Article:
There’s a powerful ideological delusion that any movement seeking to change U.S. foreign policy must confront: that U.S. culture is superior to anything else on the planet. Generally going by the name of “American exceptionalism,” it’s the deeply held belief that American politics (and medicine, technology, education, and so on) are better than those in other countries. Implicit in the belief is an evangelical urge to impose American ways of doing things on the rest of the world.

 

Americans, for instance, believe they have the best education system in the world, when in fact they’ve dropped from 1st place to 14th place in the number of college graduates. We’ve made students of higher education the most indebted section of our population, while falling to 17th place in international education ratings. According to the Organization for Economic Cooperation, the average American pays more than twice as much for his or her education than those in the rest of the world.

 

Health care is an equally compelling example. In the World Health Organization’s ranking of health care systems in 2000, the United States was ranked 37th. In a more recent Institute of Medicine report in 2013, the U.S. was ranked the lowest among 17 developed nations studied.

 

The old anti-war slogan, “It will be a good day when schools get all the money they need and the Navy has to hold a bake sale to buy an aircraft carrier” is as appropriate today as it was in the 1960s. We prioritize corporate subsidies, tax cuts for the wealthy, and massive military budgets over education. The result is that Americans are no longer among the most educated in the world.

But challenging the “exceptionalism” myth courts the danger of being labeled “unpatriotic” and “un-American,” two powerful ideological sanctions that can effectively silence critical or questioning voices.

 

The fact that Americans consider their culture or ideology “superior” is hardly unique. But no other country in the world has the same level of economic and military power to enforce its worldview on others.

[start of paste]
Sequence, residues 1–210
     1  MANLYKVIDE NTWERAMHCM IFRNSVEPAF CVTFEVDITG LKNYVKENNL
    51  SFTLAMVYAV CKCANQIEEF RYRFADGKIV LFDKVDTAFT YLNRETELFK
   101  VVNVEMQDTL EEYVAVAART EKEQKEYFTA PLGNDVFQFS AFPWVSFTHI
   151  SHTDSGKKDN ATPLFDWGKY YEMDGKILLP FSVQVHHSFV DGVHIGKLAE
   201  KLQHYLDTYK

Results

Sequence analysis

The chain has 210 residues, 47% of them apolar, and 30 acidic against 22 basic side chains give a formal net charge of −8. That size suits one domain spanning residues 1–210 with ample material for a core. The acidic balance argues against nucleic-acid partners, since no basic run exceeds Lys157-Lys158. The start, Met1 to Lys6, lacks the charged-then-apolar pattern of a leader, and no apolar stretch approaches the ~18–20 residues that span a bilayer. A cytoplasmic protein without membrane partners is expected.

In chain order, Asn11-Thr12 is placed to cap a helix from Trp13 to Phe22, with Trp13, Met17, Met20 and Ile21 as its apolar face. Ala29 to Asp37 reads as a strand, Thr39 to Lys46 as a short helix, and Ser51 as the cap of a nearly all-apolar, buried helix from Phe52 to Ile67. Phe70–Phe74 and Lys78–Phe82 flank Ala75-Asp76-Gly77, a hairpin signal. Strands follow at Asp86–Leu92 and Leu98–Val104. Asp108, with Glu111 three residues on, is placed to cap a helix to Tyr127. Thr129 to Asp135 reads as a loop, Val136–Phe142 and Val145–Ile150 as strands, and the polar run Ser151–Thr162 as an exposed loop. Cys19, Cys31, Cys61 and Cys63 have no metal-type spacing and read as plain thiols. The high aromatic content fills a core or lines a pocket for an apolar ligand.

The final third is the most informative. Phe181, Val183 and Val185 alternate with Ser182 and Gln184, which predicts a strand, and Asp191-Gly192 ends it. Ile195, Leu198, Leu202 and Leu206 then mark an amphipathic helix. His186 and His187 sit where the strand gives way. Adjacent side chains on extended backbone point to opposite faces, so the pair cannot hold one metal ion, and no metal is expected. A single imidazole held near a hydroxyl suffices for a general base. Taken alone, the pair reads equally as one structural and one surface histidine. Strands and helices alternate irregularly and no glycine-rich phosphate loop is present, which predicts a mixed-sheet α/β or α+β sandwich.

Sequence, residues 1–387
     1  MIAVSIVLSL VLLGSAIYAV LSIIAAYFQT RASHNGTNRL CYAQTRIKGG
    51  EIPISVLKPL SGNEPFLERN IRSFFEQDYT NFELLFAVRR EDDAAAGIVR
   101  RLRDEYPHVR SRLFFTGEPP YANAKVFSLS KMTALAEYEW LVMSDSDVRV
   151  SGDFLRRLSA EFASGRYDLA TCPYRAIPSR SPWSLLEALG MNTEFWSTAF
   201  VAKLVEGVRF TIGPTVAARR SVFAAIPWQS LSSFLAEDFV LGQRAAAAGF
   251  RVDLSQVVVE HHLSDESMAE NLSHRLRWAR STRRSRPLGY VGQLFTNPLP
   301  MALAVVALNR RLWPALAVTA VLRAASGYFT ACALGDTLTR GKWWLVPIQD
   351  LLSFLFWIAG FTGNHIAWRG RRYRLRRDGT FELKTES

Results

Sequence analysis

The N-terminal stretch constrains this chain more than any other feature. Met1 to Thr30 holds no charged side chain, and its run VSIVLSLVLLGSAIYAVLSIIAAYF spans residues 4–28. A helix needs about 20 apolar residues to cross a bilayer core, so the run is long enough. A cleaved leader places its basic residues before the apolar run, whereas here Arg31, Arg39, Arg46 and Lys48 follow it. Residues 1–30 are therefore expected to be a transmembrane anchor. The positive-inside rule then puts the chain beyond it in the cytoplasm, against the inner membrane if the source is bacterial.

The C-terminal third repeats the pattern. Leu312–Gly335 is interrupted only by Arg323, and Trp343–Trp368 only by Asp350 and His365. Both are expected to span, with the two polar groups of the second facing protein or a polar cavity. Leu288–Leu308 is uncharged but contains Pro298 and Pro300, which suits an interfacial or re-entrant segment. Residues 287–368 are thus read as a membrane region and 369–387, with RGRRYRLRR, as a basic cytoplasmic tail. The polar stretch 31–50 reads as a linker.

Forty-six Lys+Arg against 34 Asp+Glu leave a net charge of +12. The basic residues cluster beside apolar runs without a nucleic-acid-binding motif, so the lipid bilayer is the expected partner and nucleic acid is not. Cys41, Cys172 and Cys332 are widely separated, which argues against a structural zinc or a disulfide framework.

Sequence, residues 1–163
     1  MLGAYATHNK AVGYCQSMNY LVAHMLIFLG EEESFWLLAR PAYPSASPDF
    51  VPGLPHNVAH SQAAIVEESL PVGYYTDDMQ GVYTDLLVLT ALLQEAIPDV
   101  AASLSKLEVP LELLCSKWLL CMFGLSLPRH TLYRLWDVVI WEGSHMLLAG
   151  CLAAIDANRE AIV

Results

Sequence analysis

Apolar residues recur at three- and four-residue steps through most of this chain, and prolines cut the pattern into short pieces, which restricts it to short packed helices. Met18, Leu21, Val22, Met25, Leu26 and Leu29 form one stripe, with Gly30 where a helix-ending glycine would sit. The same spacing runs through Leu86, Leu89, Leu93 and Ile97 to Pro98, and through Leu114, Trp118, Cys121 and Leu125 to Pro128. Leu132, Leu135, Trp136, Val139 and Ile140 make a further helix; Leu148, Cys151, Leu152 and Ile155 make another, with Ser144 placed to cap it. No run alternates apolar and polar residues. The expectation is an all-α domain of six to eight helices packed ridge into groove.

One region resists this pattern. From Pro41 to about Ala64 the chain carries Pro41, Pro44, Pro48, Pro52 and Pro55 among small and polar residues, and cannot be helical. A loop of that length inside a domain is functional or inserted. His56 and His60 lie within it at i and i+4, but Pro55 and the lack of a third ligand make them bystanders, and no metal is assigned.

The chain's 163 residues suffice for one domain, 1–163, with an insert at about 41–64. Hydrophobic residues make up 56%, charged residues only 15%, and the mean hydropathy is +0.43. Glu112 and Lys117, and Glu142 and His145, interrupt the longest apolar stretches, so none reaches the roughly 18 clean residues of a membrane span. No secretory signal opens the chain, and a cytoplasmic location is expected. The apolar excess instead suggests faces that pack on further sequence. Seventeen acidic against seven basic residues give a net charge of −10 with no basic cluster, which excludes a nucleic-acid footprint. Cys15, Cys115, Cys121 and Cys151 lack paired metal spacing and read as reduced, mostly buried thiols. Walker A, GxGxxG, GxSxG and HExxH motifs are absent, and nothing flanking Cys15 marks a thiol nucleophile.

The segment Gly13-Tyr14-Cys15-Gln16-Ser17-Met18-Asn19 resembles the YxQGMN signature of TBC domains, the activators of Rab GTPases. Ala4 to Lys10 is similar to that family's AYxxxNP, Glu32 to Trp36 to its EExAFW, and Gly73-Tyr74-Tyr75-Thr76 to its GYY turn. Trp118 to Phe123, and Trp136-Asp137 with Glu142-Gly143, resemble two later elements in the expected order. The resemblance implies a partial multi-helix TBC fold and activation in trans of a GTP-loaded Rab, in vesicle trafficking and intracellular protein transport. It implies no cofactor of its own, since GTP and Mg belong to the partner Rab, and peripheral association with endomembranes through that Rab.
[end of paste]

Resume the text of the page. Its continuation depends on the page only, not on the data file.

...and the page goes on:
The United States did not simply support Kosovo’s independence, for example. It bombed Serbia into de facto acceptance. When the U.S. decided to remove the Taliban, Saddam Hussein, and Muammar Gaddafi from power, it just did so. No other country is capable of projecting that kind of force in regions thousands of miles from its borders.

 

The U.S. currently accounts for anywhere from 45 to 50 percent of the world’s military spending. It has hundreds of overseas bases, ranging from huge sprawling affairs like Camp Bond Steel in Kosovo and unsinkable aircraft carriers around the islands of Okinawa, Wake, Diego Garcia, and Guam to tiny bases called “lily pads” of pre-positioned military supplies. The late political scientist Chalmers Johnson estimated that the U.S. has some 800 bases worldwide, about the same as the British Empire had at its height in 1895.

 

The United States has long relied on a military arrow in its diplomatic quiver, and Americans have been at war almost continuously since the end of World War II. Some of these wars were major undertakings: Korea, Vietnam, Laos, Cambodia, Kuwait, Afghanistan, Iraq (twice), Libya. Some were quick “smash and grabs” like Panama and Grenada. Others are “shadow wars” waged by Special Forces, armed drones, and local proxies. If one defines the term “war” as the application of organized violence, the U.S. has engaged in close to 80 wars since 1945.

 

The Home Front

 

The coin of empire comes dear, as the old expression goes.

According Harvard University’s Kennedy School of Government, the final butcher bill for the Afghanistan and Iraq wars — including the long-term health problems of veterans — will cost U.S. taxpayers around $6 trillion. One can add to that the over $1 trillion the U.S. spends each year on defense-related items. The “official” defense budget of some half a trillion dollars doesn’t include such items as nuclear weapons, veterans’ benefits or retirement, the CIA and Homeland Security, nor the billions a year in interest we’ll be paying on the debt from the Afghan-Iraq wars. By 2013 the U.S. had already paid out $316 billion in interest.

The domestic collateral damage from that set of priorities is numbing.

 

We spend more on our “official” military budget than we do on Medicare, Medicaid, Health and Human Services, Education, and Housing and Urban Development combined. Since 9/11, we’ve spent $70 million an hour on “security” compared to $62 million an hour on all domestic programs.

 

As military expenditures dwarf funding for deteriorating social programs, they drive economic inequality. The poor and working millions are left further and further behind. Meanwhile the chronic problems highlighted at Ferguson, and reflected nationwide, are a horrific reminder of how deeply racism — the unequal economic and social divide and systemic abuse of black and Latino youth — continues to plague our homeland.